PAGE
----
I recently received the following note about a parent who is raising her children with unconditional hostility. The situation the writer described prompted me to write this blog post:
Dear Dr. Heitler,
I was reading your information about BPD on the Psychology Today website and I am hoping you can help.
My 32-year-old sister has BPD and rages everyday. It is really, really bad and continues to get worse over the years. I live in another town and can get away from her rage, but her daughters, who are 4 and 10, can't.
My sister is not married right now. She's been divorced four times. The children both have different fathers.
It is a very negative environment for the girls. My sister manipulates and uses them, and verbally, mentally, and emotionally abuses them. She is now alienating my older niece from friends, neighbors, and from the rest of our family, turning her into an insecure recluse who has no one.
What can I do? Surely there is a law in place that can commit her or something? Please help. My mother, who lives near her, gets the brunt of it all. It pains me terribly to see my mother suffering and my innocent nieces being harmed so badly by their mom.
Here are some thoughts on possible responses:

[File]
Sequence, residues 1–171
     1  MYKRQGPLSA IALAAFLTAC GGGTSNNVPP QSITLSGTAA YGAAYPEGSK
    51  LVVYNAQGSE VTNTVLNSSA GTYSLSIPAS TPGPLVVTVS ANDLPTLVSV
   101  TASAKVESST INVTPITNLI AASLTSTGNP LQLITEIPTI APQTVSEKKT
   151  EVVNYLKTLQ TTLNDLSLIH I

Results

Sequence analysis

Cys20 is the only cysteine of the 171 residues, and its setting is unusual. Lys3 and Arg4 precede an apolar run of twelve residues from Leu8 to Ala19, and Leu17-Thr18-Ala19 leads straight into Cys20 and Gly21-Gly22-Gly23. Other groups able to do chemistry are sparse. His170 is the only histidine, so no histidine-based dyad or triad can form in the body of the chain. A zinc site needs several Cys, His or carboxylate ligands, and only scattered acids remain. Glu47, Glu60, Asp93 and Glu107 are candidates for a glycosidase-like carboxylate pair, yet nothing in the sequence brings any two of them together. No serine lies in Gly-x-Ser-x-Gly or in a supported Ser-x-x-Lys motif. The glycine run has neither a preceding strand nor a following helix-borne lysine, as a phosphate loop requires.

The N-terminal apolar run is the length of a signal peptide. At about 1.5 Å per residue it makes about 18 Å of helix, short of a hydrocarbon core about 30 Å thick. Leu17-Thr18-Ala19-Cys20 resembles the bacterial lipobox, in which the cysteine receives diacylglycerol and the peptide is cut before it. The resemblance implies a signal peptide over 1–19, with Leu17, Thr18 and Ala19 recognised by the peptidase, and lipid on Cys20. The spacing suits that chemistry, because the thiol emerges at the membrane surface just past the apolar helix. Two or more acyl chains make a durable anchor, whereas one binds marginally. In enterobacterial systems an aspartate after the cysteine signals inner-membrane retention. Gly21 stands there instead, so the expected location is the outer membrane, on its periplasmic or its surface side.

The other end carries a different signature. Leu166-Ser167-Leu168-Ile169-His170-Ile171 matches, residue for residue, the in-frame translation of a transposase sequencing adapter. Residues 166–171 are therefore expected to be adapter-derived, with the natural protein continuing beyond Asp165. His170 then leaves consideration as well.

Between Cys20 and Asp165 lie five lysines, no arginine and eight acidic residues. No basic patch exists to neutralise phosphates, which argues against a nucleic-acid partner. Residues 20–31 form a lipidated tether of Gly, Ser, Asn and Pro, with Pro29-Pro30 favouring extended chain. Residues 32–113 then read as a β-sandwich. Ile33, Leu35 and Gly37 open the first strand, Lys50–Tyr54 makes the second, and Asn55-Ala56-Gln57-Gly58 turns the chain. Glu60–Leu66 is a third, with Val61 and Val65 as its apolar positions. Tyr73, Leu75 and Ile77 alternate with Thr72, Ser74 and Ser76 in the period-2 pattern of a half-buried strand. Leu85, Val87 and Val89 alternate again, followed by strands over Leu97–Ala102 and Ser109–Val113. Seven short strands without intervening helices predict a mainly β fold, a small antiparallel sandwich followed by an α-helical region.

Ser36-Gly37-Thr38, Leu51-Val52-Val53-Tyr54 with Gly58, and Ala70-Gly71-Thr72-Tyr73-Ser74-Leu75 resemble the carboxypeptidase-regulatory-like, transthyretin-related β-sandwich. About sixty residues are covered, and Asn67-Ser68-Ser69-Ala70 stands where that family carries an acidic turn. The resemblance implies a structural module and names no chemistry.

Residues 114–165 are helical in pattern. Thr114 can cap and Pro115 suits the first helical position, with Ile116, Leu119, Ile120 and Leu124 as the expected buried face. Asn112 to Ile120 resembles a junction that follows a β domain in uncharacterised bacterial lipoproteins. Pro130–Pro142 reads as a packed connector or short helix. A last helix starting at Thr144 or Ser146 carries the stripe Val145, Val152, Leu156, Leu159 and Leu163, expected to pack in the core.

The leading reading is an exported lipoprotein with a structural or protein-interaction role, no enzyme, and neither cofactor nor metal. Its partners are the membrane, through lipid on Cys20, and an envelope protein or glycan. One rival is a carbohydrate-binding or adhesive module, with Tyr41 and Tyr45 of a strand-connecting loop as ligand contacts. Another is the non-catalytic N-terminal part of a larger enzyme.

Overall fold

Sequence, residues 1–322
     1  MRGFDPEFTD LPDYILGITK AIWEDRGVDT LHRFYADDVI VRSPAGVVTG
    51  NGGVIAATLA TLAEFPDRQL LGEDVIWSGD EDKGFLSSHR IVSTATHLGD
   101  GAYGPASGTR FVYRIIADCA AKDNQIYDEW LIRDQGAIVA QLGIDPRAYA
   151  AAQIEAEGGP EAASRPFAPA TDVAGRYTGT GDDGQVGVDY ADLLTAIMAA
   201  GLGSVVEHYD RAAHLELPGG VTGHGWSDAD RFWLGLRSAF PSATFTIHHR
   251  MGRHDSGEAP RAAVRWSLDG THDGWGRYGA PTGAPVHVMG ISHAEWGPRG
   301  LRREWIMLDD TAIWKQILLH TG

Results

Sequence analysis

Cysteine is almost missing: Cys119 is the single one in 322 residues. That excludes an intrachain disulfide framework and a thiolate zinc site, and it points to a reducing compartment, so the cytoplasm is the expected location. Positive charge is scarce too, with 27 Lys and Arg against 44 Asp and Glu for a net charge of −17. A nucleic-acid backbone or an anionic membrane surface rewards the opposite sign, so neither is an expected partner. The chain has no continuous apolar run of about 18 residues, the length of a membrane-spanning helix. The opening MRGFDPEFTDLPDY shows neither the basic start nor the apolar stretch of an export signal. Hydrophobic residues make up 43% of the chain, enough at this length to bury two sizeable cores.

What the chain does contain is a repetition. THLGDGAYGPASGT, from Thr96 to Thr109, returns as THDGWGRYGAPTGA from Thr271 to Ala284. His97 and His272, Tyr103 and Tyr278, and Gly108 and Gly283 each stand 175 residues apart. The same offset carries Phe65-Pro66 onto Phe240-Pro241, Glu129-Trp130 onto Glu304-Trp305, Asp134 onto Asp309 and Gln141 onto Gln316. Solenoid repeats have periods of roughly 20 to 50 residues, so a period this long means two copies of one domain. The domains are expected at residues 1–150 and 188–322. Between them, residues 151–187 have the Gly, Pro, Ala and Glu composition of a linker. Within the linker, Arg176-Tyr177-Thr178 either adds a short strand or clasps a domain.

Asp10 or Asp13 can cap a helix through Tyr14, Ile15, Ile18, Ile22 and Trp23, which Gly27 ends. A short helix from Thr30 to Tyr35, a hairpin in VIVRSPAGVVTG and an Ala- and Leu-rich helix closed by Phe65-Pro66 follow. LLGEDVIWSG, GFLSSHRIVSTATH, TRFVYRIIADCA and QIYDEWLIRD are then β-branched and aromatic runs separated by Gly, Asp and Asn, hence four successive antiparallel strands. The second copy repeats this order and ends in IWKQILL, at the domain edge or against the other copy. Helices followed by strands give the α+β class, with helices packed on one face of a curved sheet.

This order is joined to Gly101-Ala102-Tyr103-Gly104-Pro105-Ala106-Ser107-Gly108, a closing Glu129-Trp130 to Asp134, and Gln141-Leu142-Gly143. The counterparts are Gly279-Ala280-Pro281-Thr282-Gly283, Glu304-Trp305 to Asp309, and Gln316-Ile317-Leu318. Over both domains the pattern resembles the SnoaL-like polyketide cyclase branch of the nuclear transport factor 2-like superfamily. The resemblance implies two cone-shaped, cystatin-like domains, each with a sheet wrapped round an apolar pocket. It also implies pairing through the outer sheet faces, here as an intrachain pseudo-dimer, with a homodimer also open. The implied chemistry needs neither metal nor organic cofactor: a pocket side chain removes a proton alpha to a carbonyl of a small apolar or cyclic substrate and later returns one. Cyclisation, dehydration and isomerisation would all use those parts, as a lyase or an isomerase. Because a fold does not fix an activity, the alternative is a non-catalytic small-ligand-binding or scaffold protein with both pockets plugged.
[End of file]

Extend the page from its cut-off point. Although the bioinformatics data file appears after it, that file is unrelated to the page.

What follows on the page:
1. Reach out to a verbally abused child to initiate kindly interactions.
A little bit of kindness can go a long way.
I recall reading a study years ago that found that when children of abusive parents have even one adult with whom they can experience a normal positive relationship, that attachment can offer a profound counter-weight to all the abuse. An aunt or uncle, a neighbor, or a teacher who reaches out even intermittently can provide a saving grace.
2. Explain the reality about the sources of verbal abuse.
Explain to the child that the verbal abuse that Mom or Dad rains down when they are angry is an inaccurate description of the child. Explain that when people get mad, they say things they don't really mean and that are untrue. Explain also that the verbal abuse is not the fault of the child.